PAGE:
Rich:  Not that at all. It’s essentially Japanese woodwork.

Paul: Oh, yeah. [makes chef’s kiss noise]

Rich: Where they create these weird joints because they don’t use nails.

Paul: And I like, you know, the guys who fix the old toys.

Rich: There’s a lot of this.

Paul: Yes.

Rich: Right? And they’re pretty mesmerizing, and they’re very popular. Right? It’s like, I’m going to take this old rug and make it new again. And it sort of has these quick cuts where they show all the work that goes into it. Or I’m going to create this really unique joint that’s going to bring these two pieces of wood together. It’s not like there’s this big grand finale. It’s just people working.

Paul: The wood comes together.

Rich: This is in contrast to trying. And what has happened is, I think we’re finding these little pockets in our feeds as sort of moments of sort of zen and solace, right? Because everything is so intense and so hot that when you see someone calmly working on a bonsai tree or chiseling a joint, we find peace in it. And I think what you have done is you have said, how about I come out of that feed entirely and I work on the wood myself, because it brings me peace. And I think that’s what I’m hearing. And, boy, there’s an entire world of software out there. It doesn’t have to be software, by the way. It could be gardening. For me, it is gardening. Like, interesting.

Paul: Sure, I get that.

Rich: It could be software—but there is software out there that is welcoming, inviting, zen in that there is no noise, there’s no static.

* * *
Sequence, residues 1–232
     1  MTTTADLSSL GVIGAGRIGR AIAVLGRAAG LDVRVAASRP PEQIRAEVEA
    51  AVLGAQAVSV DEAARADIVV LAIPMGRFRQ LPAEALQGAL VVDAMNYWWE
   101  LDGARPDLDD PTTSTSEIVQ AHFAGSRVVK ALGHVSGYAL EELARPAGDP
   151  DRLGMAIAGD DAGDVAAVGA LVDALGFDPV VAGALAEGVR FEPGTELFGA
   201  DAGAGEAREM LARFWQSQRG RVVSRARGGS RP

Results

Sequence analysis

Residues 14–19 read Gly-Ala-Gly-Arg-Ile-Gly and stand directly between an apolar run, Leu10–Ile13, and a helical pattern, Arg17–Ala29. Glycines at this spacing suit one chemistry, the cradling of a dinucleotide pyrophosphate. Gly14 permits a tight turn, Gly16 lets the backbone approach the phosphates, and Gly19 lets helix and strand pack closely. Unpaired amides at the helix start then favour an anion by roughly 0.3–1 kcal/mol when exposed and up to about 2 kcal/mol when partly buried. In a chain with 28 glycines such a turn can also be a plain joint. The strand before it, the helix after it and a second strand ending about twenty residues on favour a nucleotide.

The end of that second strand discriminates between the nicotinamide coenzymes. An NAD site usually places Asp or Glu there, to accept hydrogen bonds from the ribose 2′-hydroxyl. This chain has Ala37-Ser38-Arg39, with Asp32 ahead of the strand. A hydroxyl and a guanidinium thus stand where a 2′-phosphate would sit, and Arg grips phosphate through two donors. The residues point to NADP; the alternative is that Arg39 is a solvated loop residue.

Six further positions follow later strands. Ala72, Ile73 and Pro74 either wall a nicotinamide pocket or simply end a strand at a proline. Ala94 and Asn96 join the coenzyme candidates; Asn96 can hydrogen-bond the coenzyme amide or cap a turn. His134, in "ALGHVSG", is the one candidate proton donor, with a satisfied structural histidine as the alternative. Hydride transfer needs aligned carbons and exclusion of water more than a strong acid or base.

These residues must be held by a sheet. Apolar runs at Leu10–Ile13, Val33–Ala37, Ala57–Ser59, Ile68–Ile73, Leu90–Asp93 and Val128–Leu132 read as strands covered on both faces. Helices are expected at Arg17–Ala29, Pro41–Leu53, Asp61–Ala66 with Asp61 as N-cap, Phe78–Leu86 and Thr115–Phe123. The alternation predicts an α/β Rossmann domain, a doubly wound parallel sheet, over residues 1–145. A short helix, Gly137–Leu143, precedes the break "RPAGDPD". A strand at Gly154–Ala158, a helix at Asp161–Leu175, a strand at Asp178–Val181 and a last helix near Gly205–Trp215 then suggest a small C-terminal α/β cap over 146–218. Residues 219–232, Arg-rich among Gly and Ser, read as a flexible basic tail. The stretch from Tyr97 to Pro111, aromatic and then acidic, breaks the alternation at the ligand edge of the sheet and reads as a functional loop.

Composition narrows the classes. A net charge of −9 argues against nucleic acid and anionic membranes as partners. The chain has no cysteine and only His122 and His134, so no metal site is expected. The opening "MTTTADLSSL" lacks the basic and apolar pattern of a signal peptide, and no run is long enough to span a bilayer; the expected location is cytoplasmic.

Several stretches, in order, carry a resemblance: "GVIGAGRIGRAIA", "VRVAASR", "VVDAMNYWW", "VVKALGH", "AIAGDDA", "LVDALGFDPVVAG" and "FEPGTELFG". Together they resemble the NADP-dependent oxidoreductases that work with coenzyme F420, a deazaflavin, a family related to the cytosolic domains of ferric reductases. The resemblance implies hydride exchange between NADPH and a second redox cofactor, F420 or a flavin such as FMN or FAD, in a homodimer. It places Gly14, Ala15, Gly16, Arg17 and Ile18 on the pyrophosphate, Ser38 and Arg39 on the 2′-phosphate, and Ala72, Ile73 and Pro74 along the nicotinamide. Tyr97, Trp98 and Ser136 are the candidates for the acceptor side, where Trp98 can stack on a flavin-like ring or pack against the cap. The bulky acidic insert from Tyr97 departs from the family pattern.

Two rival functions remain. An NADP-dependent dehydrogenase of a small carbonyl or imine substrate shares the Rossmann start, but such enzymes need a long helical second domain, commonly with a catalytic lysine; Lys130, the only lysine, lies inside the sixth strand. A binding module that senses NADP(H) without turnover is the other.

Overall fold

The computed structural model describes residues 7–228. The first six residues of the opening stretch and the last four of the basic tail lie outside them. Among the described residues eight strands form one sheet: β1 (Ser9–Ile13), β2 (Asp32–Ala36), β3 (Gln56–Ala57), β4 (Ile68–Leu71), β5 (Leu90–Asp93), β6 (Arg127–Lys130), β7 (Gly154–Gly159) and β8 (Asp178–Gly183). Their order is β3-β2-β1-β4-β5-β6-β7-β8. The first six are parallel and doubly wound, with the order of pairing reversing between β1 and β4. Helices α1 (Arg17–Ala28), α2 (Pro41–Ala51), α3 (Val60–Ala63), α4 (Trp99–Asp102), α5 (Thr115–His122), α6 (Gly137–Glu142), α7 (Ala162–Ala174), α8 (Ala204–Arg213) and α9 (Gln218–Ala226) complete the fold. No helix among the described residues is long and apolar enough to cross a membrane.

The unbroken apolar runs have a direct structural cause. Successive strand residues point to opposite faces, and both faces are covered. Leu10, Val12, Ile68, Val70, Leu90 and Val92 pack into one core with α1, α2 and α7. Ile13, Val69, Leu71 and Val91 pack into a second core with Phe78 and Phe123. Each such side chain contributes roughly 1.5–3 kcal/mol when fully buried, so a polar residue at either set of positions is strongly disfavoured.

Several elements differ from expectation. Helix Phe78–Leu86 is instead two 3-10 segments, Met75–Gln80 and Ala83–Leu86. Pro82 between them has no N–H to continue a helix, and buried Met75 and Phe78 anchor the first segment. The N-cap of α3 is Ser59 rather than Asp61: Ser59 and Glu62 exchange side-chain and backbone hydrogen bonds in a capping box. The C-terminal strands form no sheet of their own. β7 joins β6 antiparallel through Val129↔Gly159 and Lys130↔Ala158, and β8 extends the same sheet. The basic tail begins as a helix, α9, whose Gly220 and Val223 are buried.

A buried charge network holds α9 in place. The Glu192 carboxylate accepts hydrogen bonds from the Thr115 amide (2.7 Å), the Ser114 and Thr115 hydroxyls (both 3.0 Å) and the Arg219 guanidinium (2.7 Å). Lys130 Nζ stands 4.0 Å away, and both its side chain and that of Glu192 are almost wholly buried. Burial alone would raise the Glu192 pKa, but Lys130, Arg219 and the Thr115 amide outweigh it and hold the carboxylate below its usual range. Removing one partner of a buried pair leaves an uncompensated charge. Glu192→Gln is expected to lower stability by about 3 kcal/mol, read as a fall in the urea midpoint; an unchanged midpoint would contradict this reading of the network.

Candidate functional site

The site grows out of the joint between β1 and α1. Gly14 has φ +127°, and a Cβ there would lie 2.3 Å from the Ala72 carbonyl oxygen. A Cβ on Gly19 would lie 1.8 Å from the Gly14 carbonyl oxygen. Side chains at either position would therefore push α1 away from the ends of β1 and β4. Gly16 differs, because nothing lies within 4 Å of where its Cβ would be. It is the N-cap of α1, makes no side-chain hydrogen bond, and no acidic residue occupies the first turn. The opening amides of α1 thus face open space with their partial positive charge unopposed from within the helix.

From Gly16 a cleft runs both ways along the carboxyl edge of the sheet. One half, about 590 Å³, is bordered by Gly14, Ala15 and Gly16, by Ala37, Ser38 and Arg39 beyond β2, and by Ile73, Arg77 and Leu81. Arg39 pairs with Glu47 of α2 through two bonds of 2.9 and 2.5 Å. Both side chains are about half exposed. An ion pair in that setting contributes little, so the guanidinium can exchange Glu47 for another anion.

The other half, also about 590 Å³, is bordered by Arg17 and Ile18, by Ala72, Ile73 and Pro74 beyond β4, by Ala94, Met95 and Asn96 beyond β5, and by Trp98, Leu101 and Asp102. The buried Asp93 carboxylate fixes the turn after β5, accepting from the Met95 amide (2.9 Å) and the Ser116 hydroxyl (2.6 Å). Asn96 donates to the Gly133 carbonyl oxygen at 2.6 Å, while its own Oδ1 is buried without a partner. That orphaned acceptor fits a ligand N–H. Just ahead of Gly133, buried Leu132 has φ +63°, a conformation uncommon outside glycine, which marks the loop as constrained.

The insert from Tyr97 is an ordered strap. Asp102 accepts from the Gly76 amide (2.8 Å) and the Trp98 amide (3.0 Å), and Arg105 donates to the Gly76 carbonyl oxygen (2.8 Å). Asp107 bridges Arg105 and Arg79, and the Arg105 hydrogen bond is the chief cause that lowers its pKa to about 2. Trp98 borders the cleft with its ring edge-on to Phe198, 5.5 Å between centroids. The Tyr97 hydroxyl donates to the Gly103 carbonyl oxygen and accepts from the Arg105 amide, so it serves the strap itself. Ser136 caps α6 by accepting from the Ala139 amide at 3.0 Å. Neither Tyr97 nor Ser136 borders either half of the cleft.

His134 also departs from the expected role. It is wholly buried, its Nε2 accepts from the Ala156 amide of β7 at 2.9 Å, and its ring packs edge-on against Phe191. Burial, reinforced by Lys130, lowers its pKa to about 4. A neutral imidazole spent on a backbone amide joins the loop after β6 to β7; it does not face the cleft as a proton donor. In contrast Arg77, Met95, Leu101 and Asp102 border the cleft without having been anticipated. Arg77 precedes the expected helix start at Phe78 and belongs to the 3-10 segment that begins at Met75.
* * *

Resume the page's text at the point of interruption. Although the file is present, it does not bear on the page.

Paul: Well, you know what’s fascinating? So I bought—Ableton is a perfect example. Some of the world’s top producers use Ableton Live, and they market that way.

Rich: Yeah.

Paul: It’s in every studio and songs that you know and like are produced with that.

Rich: 100%.

Paul: Right? So you could approach it that way, and you could approach it—and this is always in the back of my, I sit down at the piano and I’m like, I’ll never be as good as, and it’s sort of whoever I was listening to.

Rich: Yeah.

Paul: Yuja Wong, right?

Rich: Yeah. Yeah.

Paul: She’s the fastest player in the West.

Rich: Yeah.

Paul: So good.

Rich: I’ve seen her, yeah.

Paul: It’s just, like—

Rich: It’s wild.

Paul: It’s just like, the fingers just are blurry, right?

Rich: Yeah.

Paul: And perfect precision. And so I sit there and I go, I’ll never be that good. I’m a million miles away from that.

Rich: You’re not trying to be!

Paul: No.

Paul: But it’s, know, sometimes you ride your bike and you’re like, I’m just not Lance Armstrong. Like, that is radiated into your brain.

Rich: Yeah.

Paul: So you can look at and interpret Ableton Live two ways. It is a tool for me to learn about the world. Or it is a tool for me to find success in the world.

Rich: Hmmm. Explain that. Because you don’t mean commercial success.

Paul: Well, maybe I do, or maybe I mean that it’s going to get me out into the world and like—

Rich: Oh, I see. Yeah.

Paul: But I love software on its own. Like in the same way I love going to a museum.

Rich: You’re not looking to sell out a show.

Paul: I don’t want any of that.

Rich: You don’t want any of it.

Paul: I know working musicians, I don’t want any of what they’ve experienced because it reminds me of the worst days of being a writer.

Rich: You want to build craft and the satisfaction of making little baby steps.

Paul: Yes.

Rich: And it is an escape from what software has become for so many people, which is this immensely noisy place.